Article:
So do you remember how putting the National Geospatial-Intelligence Agency in North St. Louis was being touted as a fix for the failed federal social experiment of the Pruitt-Igoe public housing development? The acreage where the crime- and drug-riddled housing project once stood was initially part of the St. Louis site, and then in the final proposal it suddenly wasn’t?
Curious about why the feds made the sudden deletion of the vacant tract, the one portion of the North St. Louis land most ready for construction?
Well that may well be because the acreage glows in the dark.
The U.S. Army from 1953 to 1954, and again from 1963 to 1965, sprayed radioactive isotopes from rooftop fans and the backs of trucks across Pruitt-Igoe and other areas in St. Louis to test the effects of using aerosolized radiation as a weapon. They initially told people that the experiments were intended to create a fog that would protect the population from Soviet attack, but declassified papers later revealed the military was spraying radioactive zinc cadmium sulfide so they could track the plume in areas similar to Moscow’s residential areas.
The U.S. Army classified their info on the Pruitt-Igoe land.
Silly us. We only thought the land was laced with asbestos spread when they dynamited the buildings in the 1970s.
So President Barack Obama and NGA Director Robert Cardillo’s plan to make it up to our urban poor for the failed public housing and redlining and economic flight from North St. Louis is to build a top-secret defense mapping facility across the street from a radiation zone? What, are they nuts?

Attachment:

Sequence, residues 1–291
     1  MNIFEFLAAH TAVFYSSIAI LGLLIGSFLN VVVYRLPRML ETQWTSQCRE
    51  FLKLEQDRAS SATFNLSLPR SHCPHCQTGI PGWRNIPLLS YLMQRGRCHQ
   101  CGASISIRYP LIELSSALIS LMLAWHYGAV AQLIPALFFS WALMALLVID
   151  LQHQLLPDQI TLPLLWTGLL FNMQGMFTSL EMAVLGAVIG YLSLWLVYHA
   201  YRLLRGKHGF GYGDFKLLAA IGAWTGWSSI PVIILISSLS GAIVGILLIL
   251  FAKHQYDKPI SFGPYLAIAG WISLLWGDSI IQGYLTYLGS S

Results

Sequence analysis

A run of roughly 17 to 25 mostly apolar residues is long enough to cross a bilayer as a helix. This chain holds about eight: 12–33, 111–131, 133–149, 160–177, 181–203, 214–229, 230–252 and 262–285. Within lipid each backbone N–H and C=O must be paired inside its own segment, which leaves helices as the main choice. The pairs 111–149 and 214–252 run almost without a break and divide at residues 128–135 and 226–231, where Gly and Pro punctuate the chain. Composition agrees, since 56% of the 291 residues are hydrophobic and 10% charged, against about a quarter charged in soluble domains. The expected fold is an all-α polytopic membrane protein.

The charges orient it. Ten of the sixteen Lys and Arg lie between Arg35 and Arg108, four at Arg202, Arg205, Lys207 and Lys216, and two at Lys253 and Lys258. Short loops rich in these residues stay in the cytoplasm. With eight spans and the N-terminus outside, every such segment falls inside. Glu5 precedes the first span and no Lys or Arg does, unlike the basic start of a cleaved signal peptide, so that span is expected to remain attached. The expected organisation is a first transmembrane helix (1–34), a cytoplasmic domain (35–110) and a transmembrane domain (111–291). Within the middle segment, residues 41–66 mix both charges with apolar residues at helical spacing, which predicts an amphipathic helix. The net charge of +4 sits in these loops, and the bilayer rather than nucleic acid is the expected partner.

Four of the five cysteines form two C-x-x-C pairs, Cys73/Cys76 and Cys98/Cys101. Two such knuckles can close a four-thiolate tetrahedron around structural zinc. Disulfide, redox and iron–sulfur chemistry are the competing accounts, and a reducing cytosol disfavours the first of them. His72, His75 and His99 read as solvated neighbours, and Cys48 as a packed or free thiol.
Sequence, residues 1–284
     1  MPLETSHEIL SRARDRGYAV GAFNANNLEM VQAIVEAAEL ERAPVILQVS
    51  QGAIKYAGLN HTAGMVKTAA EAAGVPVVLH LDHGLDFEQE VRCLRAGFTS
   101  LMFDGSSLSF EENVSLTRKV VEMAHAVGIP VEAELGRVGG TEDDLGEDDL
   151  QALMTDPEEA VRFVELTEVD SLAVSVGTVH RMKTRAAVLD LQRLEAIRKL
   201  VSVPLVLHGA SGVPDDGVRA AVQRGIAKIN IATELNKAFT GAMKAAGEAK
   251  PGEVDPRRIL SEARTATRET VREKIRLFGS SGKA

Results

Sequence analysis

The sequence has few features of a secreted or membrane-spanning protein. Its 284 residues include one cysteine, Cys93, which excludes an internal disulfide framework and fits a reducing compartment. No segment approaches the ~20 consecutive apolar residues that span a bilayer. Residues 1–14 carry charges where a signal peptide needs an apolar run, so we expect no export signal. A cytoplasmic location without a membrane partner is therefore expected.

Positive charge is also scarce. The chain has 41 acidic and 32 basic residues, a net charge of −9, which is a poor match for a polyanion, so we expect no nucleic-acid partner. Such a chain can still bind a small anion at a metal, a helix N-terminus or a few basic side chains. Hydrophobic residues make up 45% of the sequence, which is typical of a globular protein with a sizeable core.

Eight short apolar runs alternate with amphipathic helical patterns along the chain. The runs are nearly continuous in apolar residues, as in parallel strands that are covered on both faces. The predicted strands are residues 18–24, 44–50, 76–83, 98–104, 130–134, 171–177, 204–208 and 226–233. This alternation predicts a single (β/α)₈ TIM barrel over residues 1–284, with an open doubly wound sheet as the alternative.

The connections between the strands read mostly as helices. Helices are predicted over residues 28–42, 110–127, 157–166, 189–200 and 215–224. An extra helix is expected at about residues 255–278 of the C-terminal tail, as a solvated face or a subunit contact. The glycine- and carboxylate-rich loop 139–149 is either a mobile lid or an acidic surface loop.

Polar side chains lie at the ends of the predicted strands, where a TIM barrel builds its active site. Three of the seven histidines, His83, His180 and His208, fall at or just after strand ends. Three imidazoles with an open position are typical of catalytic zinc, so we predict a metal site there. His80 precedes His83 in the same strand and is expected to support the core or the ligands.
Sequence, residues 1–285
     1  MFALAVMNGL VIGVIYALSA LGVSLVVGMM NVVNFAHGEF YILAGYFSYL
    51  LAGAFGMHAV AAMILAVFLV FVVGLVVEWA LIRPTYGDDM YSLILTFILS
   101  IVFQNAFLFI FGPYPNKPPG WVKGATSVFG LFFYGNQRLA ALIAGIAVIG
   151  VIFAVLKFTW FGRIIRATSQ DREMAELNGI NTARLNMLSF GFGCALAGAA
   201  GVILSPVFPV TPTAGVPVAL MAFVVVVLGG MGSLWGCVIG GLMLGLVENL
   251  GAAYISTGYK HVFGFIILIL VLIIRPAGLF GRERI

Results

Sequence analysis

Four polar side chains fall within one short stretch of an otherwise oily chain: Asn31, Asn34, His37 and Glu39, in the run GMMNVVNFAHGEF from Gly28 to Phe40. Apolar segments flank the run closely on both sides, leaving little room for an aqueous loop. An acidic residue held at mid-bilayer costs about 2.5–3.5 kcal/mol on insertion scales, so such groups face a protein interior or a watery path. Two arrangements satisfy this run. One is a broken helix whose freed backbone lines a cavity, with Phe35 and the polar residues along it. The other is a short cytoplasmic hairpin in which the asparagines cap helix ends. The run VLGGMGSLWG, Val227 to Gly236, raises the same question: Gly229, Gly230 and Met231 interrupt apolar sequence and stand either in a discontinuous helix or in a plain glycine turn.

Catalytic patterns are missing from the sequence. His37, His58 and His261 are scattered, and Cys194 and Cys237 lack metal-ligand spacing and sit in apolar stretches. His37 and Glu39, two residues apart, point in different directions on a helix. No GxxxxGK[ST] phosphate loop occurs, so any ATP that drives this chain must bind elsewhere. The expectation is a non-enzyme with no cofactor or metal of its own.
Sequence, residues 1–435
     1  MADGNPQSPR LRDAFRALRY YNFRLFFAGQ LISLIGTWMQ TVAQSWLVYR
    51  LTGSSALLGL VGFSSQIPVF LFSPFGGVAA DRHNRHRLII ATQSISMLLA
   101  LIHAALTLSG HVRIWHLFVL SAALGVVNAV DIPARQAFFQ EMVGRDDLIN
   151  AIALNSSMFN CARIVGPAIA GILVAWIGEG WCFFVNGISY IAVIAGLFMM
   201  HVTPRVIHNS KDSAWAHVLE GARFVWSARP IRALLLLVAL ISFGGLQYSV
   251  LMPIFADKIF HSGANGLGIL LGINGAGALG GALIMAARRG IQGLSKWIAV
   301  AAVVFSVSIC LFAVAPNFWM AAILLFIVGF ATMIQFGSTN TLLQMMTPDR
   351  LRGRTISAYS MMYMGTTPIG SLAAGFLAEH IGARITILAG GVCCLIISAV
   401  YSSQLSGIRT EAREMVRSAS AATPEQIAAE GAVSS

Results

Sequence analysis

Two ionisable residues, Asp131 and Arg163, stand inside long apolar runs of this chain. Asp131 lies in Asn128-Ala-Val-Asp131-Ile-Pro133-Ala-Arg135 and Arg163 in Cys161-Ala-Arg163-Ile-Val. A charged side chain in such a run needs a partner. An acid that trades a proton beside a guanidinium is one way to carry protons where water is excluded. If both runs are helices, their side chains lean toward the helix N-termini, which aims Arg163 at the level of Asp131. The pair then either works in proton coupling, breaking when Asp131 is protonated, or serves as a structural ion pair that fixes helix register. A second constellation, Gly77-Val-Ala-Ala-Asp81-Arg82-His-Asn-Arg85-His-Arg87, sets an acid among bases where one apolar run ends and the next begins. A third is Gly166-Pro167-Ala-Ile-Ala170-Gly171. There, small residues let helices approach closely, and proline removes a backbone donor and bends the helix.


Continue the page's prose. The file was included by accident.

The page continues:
Even if the feds come clean and show the data proving that they didn’t spread radiation and cancer across a poor, black community, North St. Louis still has the potential to reveal multiple hidden problems related to thousands of years of human occupation.
St. Louis is known as Mound City because it was built atop the same network of Indian mounds we see at Cahokia Mounds State Historic Site. What are the chances construction crews hit significant archaeological sites?
Besides displacing 47 poor, little old ladies and men, the North St. Louis site will impact known historic sites including the Buster Brown shoe factory.
No one has tested the North St. Louis land, so the environmental problems on 99 urban acres could be significant. They know there are brownfields, but who knows how far the radiation spread or if other toxins spilled across that land.
All these potential problems in North St. Louis can be remediated, but there is a cost to the work and a cost of delay. Each year the project is delayed is another $40 million.
The announcement last week from the National Geospatial-Intelligence Agency spokesman that there would be no “do-over” of the Final Environmental Impact Statement does a disservice to St. Clair County and Scott Air Force Base, especially because there are significant errors in that study.
St. Clair County has a number of talking points and even sample letters available to make it easy to comment on behalf of putting the defense mapping agency’s new $1.6 billion, 800,000-square-foot headquarters here. Scott offers nearly 400 acres of open, shovel ready land for free, with the deed ready to hand to the federal government — without any radiation. We offer the only college graduates ready to map for NGA as well as the military veterans with security clearances who already know how to work as a defense team.
You, the taxpayer, are responsible for this project. Insist that your tax dollars not be wasted on a tangle of legal, archaeological, historic, environmental and logistical unknowns. Comment by May 2 at nextngawest.com in favor of the St. Clair County site that makes the most sense for our defense as well as for the health of future NGA workers.